Darrian Beavers Scouting Report

Embed from Getty Images


Darrian Beavers is a linebacker from Cincinnati and a prospect in the 2022 NFL Draft. Beavers played wide receiver and safety for Colerain High School in Cincinnati. He earned all-conference honors twice and led his team to three conference titles. Beavers was only a three-star recruit at safety and earned a handful of offers from Group of Five schools. He chose to attend UConn and began bulking up to switch to linebacker.

Beavers played in all 24 possible games during his first two seasons with the Huskies. He cracked the starting lineup in 2018, making six starts. Before the 2019 season, Beavers elected to transfer and return home to Cincinnati. He played in all 14 games in 2019, starting 10. In 2020, Beavers started all 10 games for the Bearcats on his way to earning All-AAC 2nd-Team. He finished second on the team in total tackles with 58. 

In 2021, Beavers started all 15 games for Cincinnati. He was a finalist for the Butkus Award and earned All-AAC 1st-Team. He finished second on the team in total tackles and fumbles forced, tied for second in tackles for loss, and third in sacks. In the postseason, Beavers earned invitations to the Senior Bowl and the NFL Scouting Combine

In the Cincinnati defense, Beavers filled many roles. He frequently moved around before the snap, moving back and forth from the line of scrimmage. When he was at UConn, he was used almost exclusively as an on-ball outside linebacker. But with the Bearcats, Beavers played much more off the ball, but usually between the tackles. He frequently rushes the passer, is utilized on stunts and twists, and also drops into short zone coverage over the middle of the field. 


Career Stats: 63 games played, 41 games started, 230 tackles (129 solos), 27.5 TFLs, 3 forced fumbles, 4 passes defensed, 3 interceptions, 54 pressures (26 hurries, 14 QB hits, 13.5 sacks). 

2021 Stats: 15 GP/GS, 99 tackles (47 solos), 12.0 TFLs, 2 forced fumbles, 2 passes defensed, 1 interception, 21 pressures (9 hurries, 6 QB hits, 5 sacks). 

2021 PFF Grades (20% snap minimum): 77.7 Defense (t-23rd), 73.7 Run Defense (t-49th), 59.6 Tackling (284th), 86.1 Pass Rush (17th), 68.0 Coverage (t-110th). 

Darrian Beavers Scouting Report

  • Very good mental processing: able to diagnose and trigger downhill quickly. Recognizes concepts quickly and knows how to attack them. Displays excellent zone awareness in the passing game. 
  • Good play strength, with better passive strength than active strength. Almost never gets pushed backwards by blockers of any size.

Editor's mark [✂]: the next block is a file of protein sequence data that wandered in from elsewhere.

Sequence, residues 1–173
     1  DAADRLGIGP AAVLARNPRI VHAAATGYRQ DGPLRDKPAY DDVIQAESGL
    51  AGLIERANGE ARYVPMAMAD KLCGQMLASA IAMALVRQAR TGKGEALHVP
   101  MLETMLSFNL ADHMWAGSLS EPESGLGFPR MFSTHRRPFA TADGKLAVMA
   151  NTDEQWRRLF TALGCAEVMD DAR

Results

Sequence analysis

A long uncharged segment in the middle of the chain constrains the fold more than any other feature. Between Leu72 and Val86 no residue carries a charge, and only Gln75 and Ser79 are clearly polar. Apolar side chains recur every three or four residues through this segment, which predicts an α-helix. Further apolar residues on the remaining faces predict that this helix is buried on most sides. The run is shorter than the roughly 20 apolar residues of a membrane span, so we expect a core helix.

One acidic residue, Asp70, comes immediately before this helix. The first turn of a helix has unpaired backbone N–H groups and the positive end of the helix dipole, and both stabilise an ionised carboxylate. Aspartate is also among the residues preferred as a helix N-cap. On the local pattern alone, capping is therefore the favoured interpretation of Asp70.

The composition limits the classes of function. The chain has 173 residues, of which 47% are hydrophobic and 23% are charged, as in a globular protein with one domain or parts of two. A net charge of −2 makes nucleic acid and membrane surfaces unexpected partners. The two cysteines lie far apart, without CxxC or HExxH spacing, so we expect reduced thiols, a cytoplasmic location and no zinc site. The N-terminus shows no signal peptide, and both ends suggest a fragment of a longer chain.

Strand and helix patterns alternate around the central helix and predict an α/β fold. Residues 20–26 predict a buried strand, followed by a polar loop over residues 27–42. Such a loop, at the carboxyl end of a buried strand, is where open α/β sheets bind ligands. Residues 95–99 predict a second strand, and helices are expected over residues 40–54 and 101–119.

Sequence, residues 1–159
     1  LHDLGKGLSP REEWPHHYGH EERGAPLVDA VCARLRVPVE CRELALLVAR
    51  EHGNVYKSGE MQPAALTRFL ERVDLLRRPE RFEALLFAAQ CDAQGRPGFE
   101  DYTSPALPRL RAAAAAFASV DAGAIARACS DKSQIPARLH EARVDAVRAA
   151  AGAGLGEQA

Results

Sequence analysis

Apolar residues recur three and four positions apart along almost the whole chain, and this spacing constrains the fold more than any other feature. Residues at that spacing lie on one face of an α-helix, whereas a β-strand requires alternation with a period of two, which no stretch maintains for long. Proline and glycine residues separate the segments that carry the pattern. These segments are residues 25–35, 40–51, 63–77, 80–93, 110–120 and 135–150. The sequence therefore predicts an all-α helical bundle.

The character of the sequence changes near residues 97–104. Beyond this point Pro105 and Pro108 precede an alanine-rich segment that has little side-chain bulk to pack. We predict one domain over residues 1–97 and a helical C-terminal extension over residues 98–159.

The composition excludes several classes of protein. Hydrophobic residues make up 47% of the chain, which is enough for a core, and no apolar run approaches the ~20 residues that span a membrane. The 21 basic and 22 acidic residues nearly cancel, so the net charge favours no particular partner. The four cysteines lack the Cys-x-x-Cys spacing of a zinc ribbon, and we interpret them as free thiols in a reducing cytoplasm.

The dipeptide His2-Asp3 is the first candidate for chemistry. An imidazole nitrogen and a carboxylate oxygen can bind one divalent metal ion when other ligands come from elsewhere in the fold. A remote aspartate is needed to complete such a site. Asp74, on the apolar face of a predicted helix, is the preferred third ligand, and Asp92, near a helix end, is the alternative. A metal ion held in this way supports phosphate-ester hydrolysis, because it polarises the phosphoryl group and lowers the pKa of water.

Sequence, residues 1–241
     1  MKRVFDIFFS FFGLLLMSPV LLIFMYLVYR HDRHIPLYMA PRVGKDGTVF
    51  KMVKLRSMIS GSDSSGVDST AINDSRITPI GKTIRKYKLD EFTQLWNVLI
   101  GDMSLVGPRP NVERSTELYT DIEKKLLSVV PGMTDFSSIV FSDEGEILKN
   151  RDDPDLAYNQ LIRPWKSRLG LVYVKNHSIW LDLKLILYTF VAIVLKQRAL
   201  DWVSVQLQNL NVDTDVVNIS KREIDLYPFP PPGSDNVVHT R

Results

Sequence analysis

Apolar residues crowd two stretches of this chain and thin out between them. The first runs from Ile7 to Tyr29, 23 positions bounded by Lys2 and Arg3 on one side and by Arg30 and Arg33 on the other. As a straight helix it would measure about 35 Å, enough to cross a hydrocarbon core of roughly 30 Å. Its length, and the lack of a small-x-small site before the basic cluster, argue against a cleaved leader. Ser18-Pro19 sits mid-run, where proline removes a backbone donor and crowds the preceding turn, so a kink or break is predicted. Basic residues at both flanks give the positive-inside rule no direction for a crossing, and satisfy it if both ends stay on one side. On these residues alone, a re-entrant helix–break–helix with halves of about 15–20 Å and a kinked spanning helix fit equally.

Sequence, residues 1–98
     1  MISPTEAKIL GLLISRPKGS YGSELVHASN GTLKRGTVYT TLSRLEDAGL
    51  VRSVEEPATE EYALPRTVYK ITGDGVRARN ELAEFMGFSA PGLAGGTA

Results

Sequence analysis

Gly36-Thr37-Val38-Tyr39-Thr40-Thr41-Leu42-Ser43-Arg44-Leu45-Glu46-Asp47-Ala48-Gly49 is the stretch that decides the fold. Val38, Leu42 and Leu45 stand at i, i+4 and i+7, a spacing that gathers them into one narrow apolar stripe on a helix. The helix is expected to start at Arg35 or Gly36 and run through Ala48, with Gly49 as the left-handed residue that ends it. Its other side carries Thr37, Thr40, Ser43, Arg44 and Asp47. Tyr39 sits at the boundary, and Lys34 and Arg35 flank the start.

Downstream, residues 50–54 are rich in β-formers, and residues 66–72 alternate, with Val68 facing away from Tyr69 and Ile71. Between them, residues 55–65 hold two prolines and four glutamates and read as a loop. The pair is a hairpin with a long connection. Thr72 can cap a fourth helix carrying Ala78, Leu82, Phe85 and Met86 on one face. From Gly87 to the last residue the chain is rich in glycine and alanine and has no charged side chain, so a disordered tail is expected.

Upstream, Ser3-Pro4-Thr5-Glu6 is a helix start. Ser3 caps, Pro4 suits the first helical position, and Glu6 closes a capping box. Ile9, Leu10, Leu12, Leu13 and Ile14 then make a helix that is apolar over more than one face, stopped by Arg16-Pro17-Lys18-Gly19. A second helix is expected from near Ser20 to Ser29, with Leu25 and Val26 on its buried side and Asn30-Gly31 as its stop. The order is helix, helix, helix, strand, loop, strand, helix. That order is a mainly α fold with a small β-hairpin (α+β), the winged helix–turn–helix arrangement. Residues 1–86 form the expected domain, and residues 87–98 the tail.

• Good in run defense between the tackles: very disciplined in his run fits, understanding how his assignment fits into the whole of the defense. Gets into the hole quickly and can stack blockers there. 
  • Good in short zones in the middle of the field, shuffling well between the hashes and reading QB’s eyes. Understands how route concepts are developing around and behind him, subtly moving to take them away. 
  • Over 700 special teams snaps in career, with more than 100 in all except FG/XP kicks. Can be an immediate contributor there and seize leadership role early on. 
  • Sub-par athletic ability: stiffly built and struggles to change direction. Not particularly explosive from standstill or when changing direction. 
  • Lacks foot speed and desire to be a sideline-to-sideline player; if play is to the opposite side of the field, will most likely not make an impact. 
  • Active strength is lacking. Rarely pushes blockers back and struggles to shed blockers. Doesn’t take on blocks aggressively, instead trying to knife through gaps and avoid them. 
  • Frequently misses tackles in the open field and between the tackles. Can be out-athleted in space with relative ease. Struggles to maintain consistent tackling technique as well, allowing ballcarriers to slough him off. Too aggressive and puts head down without following through. 
  • Despite usage, struggles to defeat offensive linemen when rushing the passer. Does not have the athletic ability to win around the edge, nor the strength or technique to win through linemen. 
  • Very rarely used in man coverage against tight ends or even running backs, possibly indicating the coaching staff did not trust him to do so. 


Darrian Beavers is somewhat of a relic, relative to the modern game of professional football. He is a born safety in an edge defender’s body playing linebacker. He’s a very smart player with extensive experience; he knows where to be at all times and is difficult to move.

However, Beavers suffers from a significant lack of speed and athletic ability. He is stiff and slow to change direction, hampering his ability to pursue ball carriers and make tackles in the open field. Despite his build, he is not particularly effective as a pass rusher when his blitzes are not schemed up via twists and stunts. 

In the NFL, Darrian Beavers projects as a middle/inside linebacker or an on-ball strong-side linebacker. He will be one of the larger linebackers in the NFL, edge defenders excluded. He projects as a role-player who takes the field against heavier personnel groups in likely run situations. Beavers has extensive special teams experience, so he should be comfortable taking snaps there immediately.

However, it seems unlikely that he will develop into an every-down defensive player. While he may survive in a zone-heavy defense that moves him around, Beavers should not see the field on passing downs against NFL athletes where he has to cover them in man. 

Grade: 6.0 / 10

Comparison: Kyle Wilber (2012, R4 #113, Dallas Cowboys)

Author: Mitchell Wolfe

Scouting Academy Graduate, 2020 Boston College, 2017 Temple University (Master of Sport Business), 2021

Leave a Reply